Information about Almonds plus Almond recipes
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are a fruit which belong to the Prunus family which includes other fruit
such as plum, cherry and peach. There are two types - sweet almonds (prunus
amygdalus ‘dulcis’) which are are the ones used for culinary purposes
and bitter almonds (prunus amygdalus ‘amara’) which, because they have
poisonous properties, are mainly processed and used in the making of oils or
flavourings such as almond essence. One way or another, this universal nut is
used in most countries.
and History Almonds
Although almonds are thought
to have originated in western or central Asia, by
4000BC they had spread extensively and
have been widely used for both culinary and other purposes for thousands of
By the late 700
AD Arab traders who by now had set up regular trade with Spain and Portugal
introduced the almond tree to those countries and almonds are still a popular
ingredient in both cuisines. They were introduced to Northern India in the 16th
century by Persians immigrants who settled in the region and as with Portugal
and Spain, almonds are now an established ingredient in some North Indian
cuisines in particular the Mughlai style of cooking.
During the Middle Ages,
almonds were an important trading commodity in Europe as their consumption in
medieval cookery rocketed. Recipes using almond "flour" dating from
this period have been found and almond "milk" was used as a substitute for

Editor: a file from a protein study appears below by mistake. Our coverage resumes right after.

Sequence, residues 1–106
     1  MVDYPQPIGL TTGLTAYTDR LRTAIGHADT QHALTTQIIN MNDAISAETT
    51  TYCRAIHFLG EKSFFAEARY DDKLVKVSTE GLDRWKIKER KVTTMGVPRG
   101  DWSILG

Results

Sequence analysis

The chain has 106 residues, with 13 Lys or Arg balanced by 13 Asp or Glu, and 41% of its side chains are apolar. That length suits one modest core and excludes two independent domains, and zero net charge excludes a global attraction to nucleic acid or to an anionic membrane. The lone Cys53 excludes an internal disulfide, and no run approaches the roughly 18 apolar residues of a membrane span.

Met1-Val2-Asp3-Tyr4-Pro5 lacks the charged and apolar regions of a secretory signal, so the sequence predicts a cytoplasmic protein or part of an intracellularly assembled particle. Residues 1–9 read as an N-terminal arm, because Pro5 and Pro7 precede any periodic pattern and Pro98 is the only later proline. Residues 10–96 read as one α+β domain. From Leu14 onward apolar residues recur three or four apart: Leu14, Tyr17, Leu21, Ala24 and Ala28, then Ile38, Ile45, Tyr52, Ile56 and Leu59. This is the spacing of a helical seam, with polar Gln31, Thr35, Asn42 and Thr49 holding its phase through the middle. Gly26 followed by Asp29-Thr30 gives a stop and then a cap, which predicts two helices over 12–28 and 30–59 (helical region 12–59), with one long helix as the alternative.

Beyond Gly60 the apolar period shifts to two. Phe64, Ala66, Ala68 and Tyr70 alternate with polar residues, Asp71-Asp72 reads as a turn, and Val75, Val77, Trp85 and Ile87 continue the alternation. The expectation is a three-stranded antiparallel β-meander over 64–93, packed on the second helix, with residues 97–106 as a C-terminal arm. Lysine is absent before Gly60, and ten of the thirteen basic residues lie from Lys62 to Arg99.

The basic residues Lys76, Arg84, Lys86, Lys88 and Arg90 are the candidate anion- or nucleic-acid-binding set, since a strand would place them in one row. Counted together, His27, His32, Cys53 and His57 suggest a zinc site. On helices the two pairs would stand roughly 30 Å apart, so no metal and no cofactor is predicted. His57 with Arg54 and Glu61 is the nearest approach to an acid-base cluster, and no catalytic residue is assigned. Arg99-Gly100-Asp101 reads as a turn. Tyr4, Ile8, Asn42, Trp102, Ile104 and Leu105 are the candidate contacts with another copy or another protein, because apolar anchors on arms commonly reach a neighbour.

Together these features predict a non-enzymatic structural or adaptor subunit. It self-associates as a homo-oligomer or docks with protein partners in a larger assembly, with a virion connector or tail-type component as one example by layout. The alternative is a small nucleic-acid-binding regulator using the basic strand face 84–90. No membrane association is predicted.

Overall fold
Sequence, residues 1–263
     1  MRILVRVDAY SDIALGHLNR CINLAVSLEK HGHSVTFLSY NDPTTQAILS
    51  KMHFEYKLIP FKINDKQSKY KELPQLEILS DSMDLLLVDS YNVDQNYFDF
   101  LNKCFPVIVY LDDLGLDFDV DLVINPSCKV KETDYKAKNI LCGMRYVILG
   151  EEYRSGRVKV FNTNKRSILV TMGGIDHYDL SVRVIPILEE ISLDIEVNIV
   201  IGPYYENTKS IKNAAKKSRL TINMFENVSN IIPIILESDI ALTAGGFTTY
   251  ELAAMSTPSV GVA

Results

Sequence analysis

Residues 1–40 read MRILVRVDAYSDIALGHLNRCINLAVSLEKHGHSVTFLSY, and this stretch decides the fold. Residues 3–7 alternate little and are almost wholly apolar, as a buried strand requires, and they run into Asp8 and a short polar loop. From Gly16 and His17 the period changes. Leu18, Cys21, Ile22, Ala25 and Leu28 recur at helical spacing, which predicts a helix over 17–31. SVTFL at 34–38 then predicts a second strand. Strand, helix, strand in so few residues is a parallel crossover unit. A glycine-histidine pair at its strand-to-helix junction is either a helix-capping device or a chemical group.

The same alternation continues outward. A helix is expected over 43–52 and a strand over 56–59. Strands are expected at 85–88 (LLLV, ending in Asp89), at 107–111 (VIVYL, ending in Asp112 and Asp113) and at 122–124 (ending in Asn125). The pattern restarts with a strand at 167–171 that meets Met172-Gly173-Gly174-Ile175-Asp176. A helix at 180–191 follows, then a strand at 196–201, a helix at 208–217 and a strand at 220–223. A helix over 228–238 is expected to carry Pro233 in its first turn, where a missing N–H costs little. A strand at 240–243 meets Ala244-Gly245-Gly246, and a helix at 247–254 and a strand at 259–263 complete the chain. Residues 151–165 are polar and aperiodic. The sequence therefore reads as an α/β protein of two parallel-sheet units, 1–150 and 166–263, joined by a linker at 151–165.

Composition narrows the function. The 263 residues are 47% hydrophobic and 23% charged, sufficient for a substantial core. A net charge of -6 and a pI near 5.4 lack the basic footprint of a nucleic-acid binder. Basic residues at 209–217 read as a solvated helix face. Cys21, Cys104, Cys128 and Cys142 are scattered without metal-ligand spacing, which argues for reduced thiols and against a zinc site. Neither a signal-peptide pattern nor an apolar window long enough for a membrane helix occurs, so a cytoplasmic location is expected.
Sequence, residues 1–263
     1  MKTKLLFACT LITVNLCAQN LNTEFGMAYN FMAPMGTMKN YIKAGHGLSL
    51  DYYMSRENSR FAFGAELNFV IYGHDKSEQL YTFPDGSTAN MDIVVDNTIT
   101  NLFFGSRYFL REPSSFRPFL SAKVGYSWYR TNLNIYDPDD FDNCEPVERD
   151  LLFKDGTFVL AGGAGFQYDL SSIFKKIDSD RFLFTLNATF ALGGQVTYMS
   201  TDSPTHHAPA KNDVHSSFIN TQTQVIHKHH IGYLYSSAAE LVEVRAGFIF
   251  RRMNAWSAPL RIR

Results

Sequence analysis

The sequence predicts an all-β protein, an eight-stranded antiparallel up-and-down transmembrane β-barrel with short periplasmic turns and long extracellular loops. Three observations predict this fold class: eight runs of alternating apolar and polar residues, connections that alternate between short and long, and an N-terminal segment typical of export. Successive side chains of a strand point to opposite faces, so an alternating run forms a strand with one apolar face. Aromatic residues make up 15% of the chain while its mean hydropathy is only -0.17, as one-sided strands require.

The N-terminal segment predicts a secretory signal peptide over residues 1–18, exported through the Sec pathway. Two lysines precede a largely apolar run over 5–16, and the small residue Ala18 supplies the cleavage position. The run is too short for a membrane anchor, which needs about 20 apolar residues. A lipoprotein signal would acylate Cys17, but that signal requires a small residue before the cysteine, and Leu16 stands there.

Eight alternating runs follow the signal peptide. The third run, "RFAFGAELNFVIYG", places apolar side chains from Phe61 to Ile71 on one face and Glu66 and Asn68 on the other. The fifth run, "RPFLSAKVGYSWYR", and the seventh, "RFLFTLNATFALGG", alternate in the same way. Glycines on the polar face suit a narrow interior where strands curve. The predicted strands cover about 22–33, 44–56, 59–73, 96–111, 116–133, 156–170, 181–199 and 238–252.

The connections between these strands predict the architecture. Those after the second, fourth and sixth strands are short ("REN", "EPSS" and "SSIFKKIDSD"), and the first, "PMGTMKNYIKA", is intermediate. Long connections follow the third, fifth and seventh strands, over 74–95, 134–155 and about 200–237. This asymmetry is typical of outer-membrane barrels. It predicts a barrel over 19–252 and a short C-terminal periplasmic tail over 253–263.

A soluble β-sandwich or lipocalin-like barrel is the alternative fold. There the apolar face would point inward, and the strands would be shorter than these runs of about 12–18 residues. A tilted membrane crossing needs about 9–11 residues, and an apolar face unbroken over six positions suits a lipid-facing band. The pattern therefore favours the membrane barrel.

milk on religious fasting days. In the 1700's Franciscan monks transported
almond trees from Spain to California and today US almond growers supply more
than 75 percent of worldwide production.
and Processing Almonds
almond tree is a very pretty tree and is one of the first fruit trees to blossom
in Spring. Because of this, it has been regarded through the ages by many
cultures as a bringer of new life and fertility. It's a relatively a small tree
growing to about 30 feet high, with the fruit forming singly and in clusters on
A natural draw-back of the early flowering means that the tree
needs a warm dry climate in order to produce well. It will survive in more
temperate climates, such as that in the south of the UK although fruit
production will be inferior. Almond tree are not self-pollinating so at
least two different varieties of trees are necessary. Many almond orchards have
beehives in place to assist with the pollination.
Once the fruit set, the hulls start to harden until they
eventually begin to split around 4 months later. When the fruit is fully
mature, the hulls completely burst open exposing the shell allowing the kernel
(nut) to begin drying out. Mechanical tree "shakers" are sometimes utilised to
harvest the nuts although hand harvesting is also done by means of knocking the
fruit from the branches with long poles. Once on the ground they are allowed to
dry before being taken to a hulling facility where the nuts are removed from the
outer casing (hulls). The nuts are then either transported for sale whole
or taken for further processing i.e. to be shelled, blanched, chopped or ground.
Buying, storing and preparing Almonds
For culinary purposes, Almonds can be purchased in a number of forms e.g.
whole in shell, whole in skin, whole blanched, flaked, slivered and
ground not to mention as a flavouring (essence). when buying them in shell
a good test as to the freshness is buy shaking them. If they rattle a lot it's a
sign that the nut is shrinking and is therefore aging.